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Camara Excited with Contract

After signing entry-level deal, Bruins' prospect says it would be an honor to one day don the Spoked-B

Friday, 03.15.2013 / 5:24 PM / Features
By Eric Russo  -
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Camara Excited with Contract
On Thursday, the Boston Bruins announced that they had signed 19-year-old forward Anthony Camara to an entry-level contract. Friday morning, the Toronto native spoke to about his excitement in signing the deal and his possible future wearing the Spoked-B. – On Thursday, the Boston Bruins announced that they had signed 19-year-old forward Anthony Camara to an entry-level contract. Friday morning, the Toronto native spoke to about his excitement in signing the deal and his possible future wearing the Spoked-B.

“I was really happy, but it was just a stepping stone, I've got to keep going,” said Camara, who has scored 36 goals and registered 24 assists in 48 games with the Barrie Colts of the OHL, this season.

“It would definitely be a huge honor to play for the Bruins. It's such a great organization and a successful organization. I'm just going to work hard, do my best and hope for the best.”

Last season, the six-foot, 190-pound winger scored 16 goals in 66 games between Saginaw and Barrie. In just 49 games this season, Camara has already netted a career-high 36 goals, 24 assists, and 60 points.

The uptick in goals, Camara says, is based on some hard work over the summer. Camara’s main goal entering this season was not necessarily scoring more goals, rather it was getting faster and improving his shot. Those things, however, have contributed to his increased scoring.

“I just worked hard in the summer, a lot of dedication – a lot of dedication on the ice,” Camara explained. “I definitely wanted to do better this season. I was focusing more on shooting the puck and getting faster. I felt that if I got more opportunities, got the puck more, then I can shoot the puck. I think it has put me in a great situation.”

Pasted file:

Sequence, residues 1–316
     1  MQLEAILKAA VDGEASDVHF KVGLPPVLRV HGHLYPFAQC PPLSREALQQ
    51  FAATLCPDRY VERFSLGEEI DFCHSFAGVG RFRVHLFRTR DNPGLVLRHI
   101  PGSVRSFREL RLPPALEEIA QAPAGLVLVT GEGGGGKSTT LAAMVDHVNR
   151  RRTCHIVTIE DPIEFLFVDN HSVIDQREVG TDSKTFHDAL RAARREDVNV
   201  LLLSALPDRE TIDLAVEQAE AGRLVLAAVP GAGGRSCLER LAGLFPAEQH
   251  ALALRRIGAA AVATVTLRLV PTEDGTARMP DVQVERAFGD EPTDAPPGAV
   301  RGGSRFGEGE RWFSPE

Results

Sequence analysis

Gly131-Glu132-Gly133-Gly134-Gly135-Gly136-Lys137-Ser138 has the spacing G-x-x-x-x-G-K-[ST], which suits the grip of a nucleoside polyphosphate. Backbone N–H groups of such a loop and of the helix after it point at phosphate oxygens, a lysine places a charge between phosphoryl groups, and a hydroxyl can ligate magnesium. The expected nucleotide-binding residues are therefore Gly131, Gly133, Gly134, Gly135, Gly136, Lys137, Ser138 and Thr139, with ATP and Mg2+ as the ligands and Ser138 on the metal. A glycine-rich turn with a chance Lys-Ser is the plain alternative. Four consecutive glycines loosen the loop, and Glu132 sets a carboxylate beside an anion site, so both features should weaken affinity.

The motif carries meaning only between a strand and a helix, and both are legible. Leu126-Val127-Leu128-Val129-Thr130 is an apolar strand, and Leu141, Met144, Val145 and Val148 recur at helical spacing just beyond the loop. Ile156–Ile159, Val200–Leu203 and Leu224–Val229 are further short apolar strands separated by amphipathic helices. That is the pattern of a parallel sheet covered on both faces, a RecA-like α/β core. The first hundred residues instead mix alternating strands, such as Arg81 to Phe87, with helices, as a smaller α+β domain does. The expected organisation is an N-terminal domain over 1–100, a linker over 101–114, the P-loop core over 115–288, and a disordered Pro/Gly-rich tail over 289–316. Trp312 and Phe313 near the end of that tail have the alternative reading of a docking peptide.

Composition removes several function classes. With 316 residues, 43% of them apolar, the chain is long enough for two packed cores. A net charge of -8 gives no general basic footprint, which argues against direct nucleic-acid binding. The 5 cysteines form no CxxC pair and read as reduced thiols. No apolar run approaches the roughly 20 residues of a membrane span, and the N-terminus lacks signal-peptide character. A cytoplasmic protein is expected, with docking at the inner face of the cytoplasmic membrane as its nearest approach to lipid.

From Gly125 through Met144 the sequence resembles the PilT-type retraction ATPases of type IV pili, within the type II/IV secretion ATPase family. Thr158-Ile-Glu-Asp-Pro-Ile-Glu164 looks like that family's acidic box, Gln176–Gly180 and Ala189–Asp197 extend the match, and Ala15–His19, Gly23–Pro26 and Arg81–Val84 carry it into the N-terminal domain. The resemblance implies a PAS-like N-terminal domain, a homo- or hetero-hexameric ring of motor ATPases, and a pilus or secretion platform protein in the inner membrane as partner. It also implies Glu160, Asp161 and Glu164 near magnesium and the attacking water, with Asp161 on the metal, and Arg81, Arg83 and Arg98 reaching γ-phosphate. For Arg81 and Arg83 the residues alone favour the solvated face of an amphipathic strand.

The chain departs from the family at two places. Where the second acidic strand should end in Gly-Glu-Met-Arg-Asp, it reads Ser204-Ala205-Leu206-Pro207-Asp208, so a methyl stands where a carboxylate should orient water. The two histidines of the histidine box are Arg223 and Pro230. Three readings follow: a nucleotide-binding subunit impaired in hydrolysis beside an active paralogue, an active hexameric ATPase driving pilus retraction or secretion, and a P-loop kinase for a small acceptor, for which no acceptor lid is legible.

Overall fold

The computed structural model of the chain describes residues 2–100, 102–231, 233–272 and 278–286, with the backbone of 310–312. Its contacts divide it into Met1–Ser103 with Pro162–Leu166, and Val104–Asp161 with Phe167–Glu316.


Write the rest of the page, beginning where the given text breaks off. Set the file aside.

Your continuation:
Not only has Camara got himself on the scoresheet with goals and assists, but also with penalties. The former 2011 third round pick (81st overall) of the Bruins, can drop the gloves and that is part of the reason why he leads the Barrie Colts in penalty minutes, with 89.

Overall, Camara likes to play a tough, gritty type of game.

“[I’m] just a go-to-the-net kind of a guy,” he said. “[I like to] get in those rough areas, protect my teammates, do the little things right by getting the puck out along the boards, blocking shots, and dropping the gloves here and there...and put the puck in the net.”

Camara does not have the same size of a Milan Lucic-type power forward, but he was humbled when asked if he tried to mold his game after the Bruins’ winger.

Milan Lucic, that's a huge honor putting me in the same sentence with him,” Camara said. “I think he's a great player and I would love to be a player like him one day in the NHL.”

Despite his drastic improvements offensively, Camara is still working on perfecting his game. That, he says, is something that never stops, especially as a 19-year-old.

“I think you can improve everything in your game right now, I'm still a young player, still trying to get better, still learning about the game both mentally and physically,” said Camara, whose 36 goals rank second on the Colts and eleventh in the OHL. “You can always get better – your skating, your shooting, being aware of the game, reading the game. It's just the whole thing, to get better for the next level.

“[I] just want to get my habits down, do the little things right. It goes a long way if you do the little things right and the next person does the little things right, then it's contagious for the whole team. I think that's a recipe for success.”

Camara, who skated for Team Canada at this year’s IIHF World Junior Championship, has taken part in the B’s Development Camps and says he was able to learn a lot about the differences between the NHL and juniors.

“[You] definitely have to be strong mentally,” Camara said. “The pro life compared to the junior life is a little bit different, so you've got to adapt there. The game is a lot quicker, so you have to step it up every day. You can't take days off, you've got to do everything right, you can't make one mistake or else the puck is going to be in the back of your net.

“But [I also learned], don't get away from your game. Do what got you there in the first place, stick to that and all the other stuff will come.”




1 MTL 62 41 16 5 171 135 87
2 TBL 63 38 19 6 207 167 82
3 DET 61 35 15 11 180 159 81
4 BOS 62 31 22 9 165 161 71
5 FLA 62 27 22 13 150 175 67
6 OTT 60 27 23 10 171 163 64
7 TOR 62 25 32 5 170 189 55
8 BUF 63 19 39 5 123 212 43


P. Bergeron 61 18 26 4 44
L. Eriksson 61 14 21 2 35
R. Smith 62 12 23 11 35
B. Marchand 57 18 16 8 34
M. Lucic 61 13 21 11 34
D. Hamilton 62 10 24 0 34
C. Soderberg 62 10 24 6 34
T. Krug 58 11 20 6 31
D. Krejci 38 7 19 7 26
C. Kelly 60 7 19 8 26
T. Rask 25 16 9 .920 2.34
N. Svedberg 6 5 0 .917 2.39
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